Synopsis: In 1947, Dalton Trumbo was Hollywood’s top screenwriter until he and other artists were jailed and blacklisted for their political beliefs.
Stars: Bryan Cranston, Adewale Akinnuoye-Agbaje, Louis C.K., Elle Fanning, John Goodman, Diane Lane, Alan Tudyk, Michael Stuhlbarg, Helen Mirren
Director: Jay Roach
Running Length: 124 minutes
TMMM Score: (5/10)
Review: Though it’s not a great movie, Trumbo has been enthusiastically received by the lords and ladies of Tinseletown and I think I know why. There’s nothing Hollywood loves so much as a good redemption story…especially one that it’s involved with. Any chance they have to pat themselves on the back is taken with glee, even if it’s involving a dark stain on its history that never should have happened in the first place.
Playing like a made for TV movie that could have aired on HBO (where director Jay Roach has seen several of his political projects find great acclaim over the last decade), Trumbo is a hammy take on the years when numerous Hollywood players were put on the blacklist thanks to the McCarthy hearings. Thought to be Communists in a time of great fear of the unknown, friends turned on friends and the mere mention of affiliation with the Communist parties saw careers, not to mention lives, destroyed.
Already explored in countless films/documentaries over the years (including a fictionalized take like 1991’s also mediocre Guilty by Suspicion), the way that Trumbo could have set itself apart was not playing like a standard biopic of one man’s downfall. Yet it falls prey to every convention, every plot trap, every pothole that you can think of. It may be a mildly diverting piece of entertainment, but it doesn’t go beyond the surface.
What elevates the film is the presence of several star players. Helen Mirren and John Goodman have some solid screen time and make the most of it. Mirren (Hitchcock) is Hedda Hopper, the notorious Hollywood gossip columnist with a poison pen for anyone that crosses her. Mirren’s demeanor changes on a dime when challenged and the actress balances that sweet/sour persona with ease. Goodman (Flight) is also notable as the hot-headed small-time studio exec that isn’t one to be pushed around. And before Diane Lane (Man of Steel) fades into the background as her role becomes mere wallpaper, she’s a strong matriarch in a family that’s struggling.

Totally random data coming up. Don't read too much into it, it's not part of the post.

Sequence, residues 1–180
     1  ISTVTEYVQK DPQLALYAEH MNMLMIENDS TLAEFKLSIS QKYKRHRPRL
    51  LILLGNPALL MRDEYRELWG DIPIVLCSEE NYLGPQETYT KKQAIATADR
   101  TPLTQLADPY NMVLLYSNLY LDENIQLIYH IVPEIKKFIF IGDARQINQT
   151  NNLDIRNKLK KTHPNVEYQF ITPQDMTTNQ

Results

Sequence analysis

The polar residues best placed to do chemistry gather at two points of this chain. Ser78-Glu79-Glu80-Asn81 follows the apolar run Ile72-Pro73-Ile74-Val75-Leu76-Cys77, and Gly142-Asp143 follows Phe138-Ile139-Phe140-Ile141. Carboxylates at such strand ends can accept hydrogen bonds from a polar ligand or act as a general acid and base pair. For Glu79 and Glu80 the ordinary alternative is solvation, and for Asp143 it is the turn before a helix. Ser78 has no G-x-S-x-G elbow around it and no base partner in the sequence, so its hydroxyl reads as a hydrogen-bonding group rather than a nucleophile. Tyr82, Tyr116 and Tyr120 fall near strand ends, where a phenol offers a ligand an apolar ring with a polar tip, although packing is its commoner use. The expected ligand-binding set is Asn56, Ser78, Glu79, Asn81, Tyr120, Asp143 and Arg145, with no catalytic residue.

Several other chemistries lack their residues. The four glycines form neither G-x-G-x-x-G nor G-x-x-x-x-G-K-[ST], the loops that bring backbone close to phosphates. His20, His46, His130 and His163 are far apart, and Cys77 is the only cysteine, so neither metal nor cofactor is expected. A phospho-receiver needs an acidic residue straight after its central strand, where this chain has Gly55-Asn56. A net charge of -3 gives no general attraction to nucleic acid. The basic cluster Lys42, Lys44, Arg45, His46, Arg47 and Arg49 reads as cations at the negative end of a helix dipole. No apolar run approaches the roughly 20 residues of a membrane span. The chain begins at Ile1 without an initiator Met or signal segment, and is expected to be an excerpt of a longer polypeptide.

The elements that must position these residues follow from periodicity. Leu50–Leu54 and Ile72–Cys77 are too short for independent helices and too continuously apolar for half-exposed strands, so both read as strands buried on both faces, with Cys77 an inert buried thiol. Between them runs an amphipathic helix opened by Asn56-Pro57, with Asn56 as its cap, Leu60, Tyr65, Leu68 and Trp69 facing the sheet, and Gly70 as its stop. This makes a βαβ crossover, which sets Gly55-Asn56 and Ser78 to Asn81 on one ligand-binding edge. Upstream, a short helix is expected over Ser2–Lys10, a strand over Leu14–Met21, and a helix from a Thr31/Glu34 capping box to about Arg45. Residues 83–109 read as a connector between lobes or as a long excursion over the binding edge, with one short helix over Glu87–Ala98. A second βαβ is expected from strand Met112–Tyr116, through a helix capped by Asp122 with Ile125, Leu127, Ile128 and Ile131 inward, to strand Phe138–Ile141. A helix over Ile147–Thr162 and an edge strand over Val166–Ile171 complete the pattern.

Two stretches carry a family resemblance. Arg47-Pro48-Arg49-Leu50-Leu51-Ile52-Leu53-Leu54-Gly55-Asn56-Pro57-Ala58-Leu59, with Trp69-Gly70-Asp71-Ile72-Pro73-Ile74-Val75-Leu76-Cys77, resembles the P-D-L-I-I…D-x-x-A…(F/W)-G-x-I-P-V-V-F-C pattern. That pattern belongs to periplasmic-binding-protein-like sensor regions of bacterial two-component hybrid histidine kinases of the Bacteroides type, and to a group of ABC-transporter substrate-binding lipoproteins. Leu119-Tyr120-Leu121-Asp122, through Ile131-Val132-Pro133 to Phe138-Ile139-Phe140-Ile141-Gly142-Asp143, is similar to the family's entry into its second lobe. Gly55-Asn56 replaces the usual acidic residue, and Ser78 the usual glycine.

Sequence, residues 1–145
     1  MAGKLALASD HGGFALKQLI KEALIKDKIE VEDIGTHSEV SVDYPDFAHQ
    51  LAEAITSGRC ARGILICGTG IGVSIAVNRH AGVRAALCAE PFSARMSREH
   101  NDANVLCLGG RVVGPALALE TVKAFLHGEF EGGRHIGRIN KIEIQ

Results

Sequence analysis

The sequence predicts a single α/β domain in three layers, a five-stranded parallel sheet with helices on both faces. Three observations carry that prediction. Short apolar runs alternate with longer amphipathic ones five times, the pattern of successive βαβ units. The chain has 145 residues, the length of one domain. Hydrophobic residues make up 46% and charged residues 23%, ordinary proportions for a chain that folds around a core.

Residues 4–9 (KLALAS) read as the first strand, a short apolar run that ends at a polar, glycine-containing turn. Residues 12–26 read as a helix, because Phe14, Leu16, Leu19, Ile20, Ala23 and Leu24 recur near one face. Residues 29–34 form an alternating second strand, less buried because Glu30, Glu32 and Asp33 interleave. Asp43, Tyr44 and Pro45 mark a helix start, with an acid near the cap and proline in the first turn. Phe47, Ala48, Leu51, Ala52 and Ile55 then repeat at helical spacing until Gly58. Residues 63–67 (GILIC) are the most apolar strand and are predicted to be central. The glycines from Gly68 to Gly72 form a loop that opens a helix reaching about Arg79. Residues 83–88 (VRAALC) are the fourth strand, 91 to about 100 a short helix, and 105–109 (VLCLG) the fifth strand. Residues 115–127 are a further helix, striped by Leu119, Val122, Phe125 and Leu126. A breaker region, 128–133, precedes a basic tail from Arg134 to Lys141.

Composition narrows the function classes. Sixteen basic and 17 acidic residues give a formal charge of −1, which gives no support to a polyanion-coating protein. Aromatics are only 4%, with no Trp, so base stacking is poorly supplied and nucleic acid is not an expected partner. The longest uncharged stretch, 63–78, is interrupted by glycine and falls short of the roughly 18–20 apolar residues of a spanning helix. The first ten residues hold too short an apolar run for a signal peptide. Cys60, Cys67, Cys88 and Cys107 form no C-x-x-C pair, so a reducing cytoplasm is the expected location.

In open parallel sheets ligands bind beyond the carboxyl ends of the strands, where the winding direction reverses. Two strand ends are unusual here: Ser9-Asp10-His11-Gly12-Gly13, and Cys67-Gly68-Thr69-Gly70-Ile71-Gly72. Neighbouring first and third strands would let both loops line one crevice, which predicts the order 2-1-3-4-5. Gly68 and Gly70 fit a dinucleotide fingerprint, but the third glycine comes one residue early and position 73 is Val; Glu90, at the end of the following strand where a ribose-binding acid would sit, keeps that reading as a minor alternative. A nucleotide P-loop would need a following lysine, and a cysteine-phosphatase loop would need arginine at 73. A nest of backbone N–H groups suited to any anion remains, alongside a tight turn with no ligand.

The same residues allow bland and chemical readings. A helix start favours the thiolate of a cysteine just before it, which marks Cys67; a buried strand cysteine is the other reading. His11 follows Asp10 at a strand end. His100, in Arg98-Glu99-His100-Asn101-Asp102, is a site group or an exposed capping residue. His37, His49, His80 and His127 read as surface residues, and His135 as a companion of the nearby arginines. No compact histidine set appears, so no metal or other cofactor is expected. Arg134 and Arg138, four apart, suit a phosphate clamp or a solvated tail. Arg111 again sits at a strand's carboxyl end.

These three performances can’t save the picture, though, mostly because they aren’t the leading player. I’ve long struggled with Bryan Cranston (Godzilla, Rock of Ages) onscreen, feeling that he’s never as good as people think he is and certainly lacking the charisma that made his Breaking Bad character such a legend. He’s off the mark here for most of the picture, cartoonishly impersonating Dalton Trumbo’s voice and mannerisms that suggest he’s older than he really is. It’s only when the character actually ages that the performance matches up.
Worst of the bunch is Louis C.K., completely out of his league as a disgraced writer dealt even more devastating blows as he falls from favor. The comedian seems uncomfortable in front of the camera and with his dialogue, never convincing us that he’s to be taken seriously as a dramatic actor. It’s a woefully poor performance, and put up against the roster of other strong cast members it just can’t be considered on the same level.
As a biopic, I guess Trumbo earns marks for its draft of events. It’s workmanlike in its execution and the production design is pleasing. Still, I kept waiting for the film to be better, to say something extraordinary…instead of just playing by the rules. Aside from Mirren, Goodman, and Lane…it’s a fairly insignificant telling of a painful part of history.